Empty Chairs, Empty Tables: From Paris to Fallujah and Kandahar

This past Thursday morning, I opened up my e-mail on my iPhone to find the following:

Songs That Stab

And now so soon once more again
The rock has turned in its due course
And “empty tables and empty chairs”
rings from ear to soul.

The poet is the writer of A Soul’s Walk, a blog that I follow regularly for the author’s inspired ability to link words that quite often ring for me from ear to soul. Periodically he writes about war, noting in one entry that “I have known a lot of people who are now dead.” I have always had the sense that he is no stranger to the painful consequences of combat.

He wrote the day after I had enjoyed my one (albeit two-part) Christmas request of my family: a). to go see the movie Les Misérables on its opening day, and b). to do so without my children’s complaining. While my son did remark that he had not planned on there being “so much singing,” I am pleased to report that I succeeded in getting both halves of my wish.

Les Misérables, originally produced by Cameron Mackintosh from a French musical adaptation of Victor Hugo’s novel, is a story of loss, justice, mercy, and redemption. In an earlier entry, 2K, 1 by 1, I referred to one of the centerpiece songs of the musical, sung by Jean Valjean (Hugh Jackman in the current movie), “Bring Him Home.” The poet in A Soul’s Walk  refers to another such centerpiece song, “Empty Chairs at Empty Tables.” I can only assume that he had seen the movie on Christmas as well.

I have no surprise whatsoever at his response.

Eddie Redmayne, a British actor and singer who was once an Eton classmate of Prince William, in the movie plays the role of Marius Pontmercy, the wealthy young man who joins the student revolutionaries as they try to establish a Republic amidst all the political intrigue that arose in the twenty-some years since the fall of Napoleon. Marius falls in love with Valjean’s foster daughter, Cosette, and Valjean goes off to protect Marius before an emotionally climactic scene of the novel and film, the Paris Uprising of 1832. (Valjean sings “Bring Him Home” at that point.)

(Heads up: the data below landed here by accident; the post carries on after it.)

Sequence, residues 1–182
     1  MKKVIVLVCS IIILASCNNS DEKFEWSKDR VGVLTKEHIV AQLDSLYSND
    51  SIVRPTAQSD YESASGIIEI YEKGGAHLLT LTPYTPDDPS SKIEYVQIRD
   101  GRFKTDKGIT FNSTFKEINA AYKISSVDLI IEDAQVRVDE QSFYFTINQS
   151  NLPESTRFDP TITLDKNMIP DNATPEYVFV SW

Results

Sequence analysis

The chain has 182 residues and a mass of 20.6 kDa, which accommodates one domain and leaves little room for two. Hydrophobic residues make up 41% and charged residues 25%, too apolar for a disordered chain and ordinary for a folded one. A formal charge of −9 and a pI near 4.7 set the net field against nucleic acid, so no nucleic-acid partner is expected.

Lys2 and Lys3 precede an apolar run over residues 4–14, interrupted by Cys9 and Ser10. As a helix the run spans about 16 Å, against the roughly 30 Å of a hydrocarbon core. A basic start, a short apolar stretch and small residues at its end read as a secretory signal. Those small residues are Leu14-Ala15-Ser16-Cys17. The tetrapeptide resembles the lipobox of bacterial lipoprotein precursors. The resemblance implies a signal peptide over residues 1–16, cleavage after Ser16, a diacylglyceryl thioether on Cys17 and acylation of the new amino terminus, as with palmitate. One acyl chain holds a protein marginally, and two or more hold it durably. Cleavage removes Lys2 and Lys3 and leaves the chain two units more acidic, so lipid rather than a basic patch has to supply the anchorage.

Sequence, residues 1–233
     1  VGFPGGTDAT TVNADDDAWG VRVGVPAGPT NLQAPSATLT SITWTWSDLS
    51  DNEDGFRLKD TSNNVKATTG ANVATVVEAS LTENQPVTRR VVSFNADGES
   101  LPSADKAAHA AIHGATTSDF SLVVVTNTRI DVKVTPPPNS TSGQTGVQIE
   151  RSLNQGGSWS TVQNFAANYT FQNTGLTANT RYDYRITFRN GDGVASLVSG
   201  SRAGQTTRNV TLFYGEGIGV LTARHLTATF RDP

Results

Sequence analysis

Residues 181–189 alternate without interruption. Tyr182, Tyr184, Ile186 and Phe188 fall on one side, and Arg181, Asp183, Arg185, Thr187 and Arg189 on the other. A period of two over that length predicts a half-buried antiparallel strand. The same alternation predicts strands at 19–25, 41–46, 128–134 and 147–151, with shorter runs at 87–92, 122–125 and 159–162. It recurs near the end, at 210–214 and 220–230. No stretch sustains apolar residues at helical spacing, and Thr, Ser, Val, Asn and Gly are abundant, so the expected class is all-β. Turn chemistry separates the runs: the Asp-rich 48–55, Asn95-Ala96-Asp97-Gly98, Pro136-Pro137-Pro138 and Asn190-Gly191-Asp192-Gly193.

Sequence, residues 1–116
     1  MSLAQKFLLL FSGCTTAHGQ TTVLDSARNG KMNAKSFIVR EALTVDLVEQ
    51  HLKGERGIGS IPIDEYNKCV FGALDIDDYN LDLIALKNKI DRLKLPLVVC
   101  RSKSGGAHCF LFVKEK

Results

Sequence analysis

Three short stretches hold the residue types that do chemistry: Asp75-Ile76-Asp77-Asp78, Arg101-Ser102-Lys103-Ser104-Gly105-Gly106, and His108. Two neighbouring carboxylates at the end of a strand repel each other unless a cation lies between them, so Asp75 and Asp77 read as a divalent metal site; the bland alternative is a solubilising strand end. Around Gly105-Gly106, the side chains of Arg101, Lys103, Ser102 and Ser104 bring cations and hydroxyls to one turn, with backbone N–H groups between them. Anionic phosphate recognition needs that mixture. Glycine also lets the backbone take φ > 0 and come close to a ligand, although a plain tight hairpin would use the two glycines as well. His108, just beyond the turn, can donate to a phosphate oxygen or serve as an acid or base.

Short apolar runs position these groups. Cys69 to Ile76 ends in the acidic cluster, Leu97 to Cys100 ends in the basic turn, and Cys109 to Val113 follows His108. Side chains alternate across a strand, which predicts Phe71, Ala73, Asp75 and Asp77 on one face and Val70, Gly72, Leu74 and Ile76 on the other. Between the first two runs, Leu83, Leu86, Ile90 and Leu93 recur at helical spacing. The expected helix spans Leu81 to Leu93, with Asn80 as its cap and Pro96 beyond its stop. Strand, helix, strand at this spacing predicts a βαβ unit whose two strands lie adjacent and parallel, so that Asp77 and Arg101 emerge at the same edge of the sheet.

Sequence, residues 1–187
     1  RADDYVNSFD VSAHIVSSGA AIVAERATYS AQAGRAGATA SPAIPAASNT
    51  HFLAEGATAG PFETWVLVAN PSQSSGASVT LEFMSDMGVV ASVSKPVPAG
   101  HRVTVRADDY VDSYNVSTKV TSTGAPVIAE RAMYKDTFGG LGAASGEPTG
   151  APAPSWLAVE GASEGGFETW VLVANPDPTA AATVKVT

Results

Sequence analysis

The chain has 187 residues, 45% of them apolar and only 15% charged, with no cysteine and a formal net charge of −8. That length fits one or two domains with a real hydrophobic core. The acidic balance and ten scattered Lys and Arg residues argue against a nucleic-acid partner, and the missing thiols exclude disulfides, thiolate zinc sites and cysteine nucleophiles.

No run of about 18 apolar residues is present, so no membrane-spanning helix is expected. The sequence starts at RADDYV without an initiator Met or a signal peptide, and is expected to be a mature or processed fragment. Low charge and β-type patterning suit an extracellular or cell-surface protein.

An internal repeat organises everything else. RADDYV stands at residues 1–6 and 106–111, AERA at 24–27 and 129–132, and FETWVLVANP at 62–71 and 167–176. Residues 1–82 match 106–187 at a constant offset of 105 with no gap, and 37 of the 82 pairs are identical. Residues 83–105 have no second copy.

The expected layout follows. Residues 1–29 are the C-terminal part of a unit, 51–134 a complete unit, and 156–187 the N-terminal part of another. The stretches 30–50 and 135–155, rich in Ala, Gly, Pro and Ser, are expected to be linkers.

In the Uprising battle that ensues, Valjean does indeed rescue Marius, while all Marius’ other companions are killed by government forces. Soon afterwards, Marius returns alone to the tavern at which he and his companions had dreamed their revolutionary dreams, the place now in shambles, bloodstains still on the floor. There, he sings the following:

There’s a grief that can’t be spoken
There’s a pain goes on and on
Empty chairs at empty tables
Now my friends are dead and gone.

Here they talked of revolution
Here it was they lit the flame
Here they sang about tomorrow
And tomorrow never came.

From the table in the corner
They could see a world reborn
And they rose with voices ringing
And I can hear them now!
The very words that they had sung
Became their last communion
On this lowly barricade . . .
At dawn.

Oh, my friends, my friends, forgive me,
That I live and you are gone
There’s a grief that can’t be spoken
There’s a pain goes on and on.

Phantom faces at the window
Phantom shadows on the floor
Empty chairs at empty tables
Where my friends will meet no more.

Oh, my friends, my friends, don’t ask me
What your sacrifice was for
Empty chairs at empty tables
Where my friends will sing no more . . .

To call Redmayne’s performance a tour de force is not to give the man his due. The director, Tom Hopper, had filmed the movie with the actors’s doing all their singing during the actual takes, with orchestration added later. Therefore Redmayne had not been constrained by the stage singer’s need to belt out a song for the back row, over a full orchestra, whether live or recorded.

In theory, the sentiment of “Empty Chairs” is one worthy of any Verdi or Puccini.

In practice, though, it is the song of a young man who had never been prepared by his family for the worst that life can bring, who was saved finally not by that family’s money, but rather by the happenstance of his having fallen in love with the right woman at the right time, who had then provided him the right father-figure who was willing to take the risks that his patrician grandfather would never have dreamed of taking, Valjean, a reformed convict who covered himself with the excrement of Paris and faced his deadliest adversary just in order to “bring him home.”

But isn’t that what music does all the time, though: turn dumb luck into high drama?

That, Redmayne certainly provided. Unlike the song of any Marius I had ever heard, his began a capella, orchestrated by a stillness that, nonetheless, within a matter of only a few guitar and violin notes plunged itself directly into his chest, expelling his tenor voice with the quiet ferocity of a heart being ripped right down the middle, musical phrase by phrase, whispering, weeping, belting out to the back row, collapsing, until finally he and we, the audience, were left helpless before the final murmurs of a lone cello, wending its way up the scale, from bass clef to treble, into a fermata of grief that neither he nor we could escape.

If it was indeed a grief that can’t be spoken, it certainly became one that could be sung.

For many combat veterans, however, themselves often the happenstance recipients of happenstance rescues at the right time: if only it were that easy.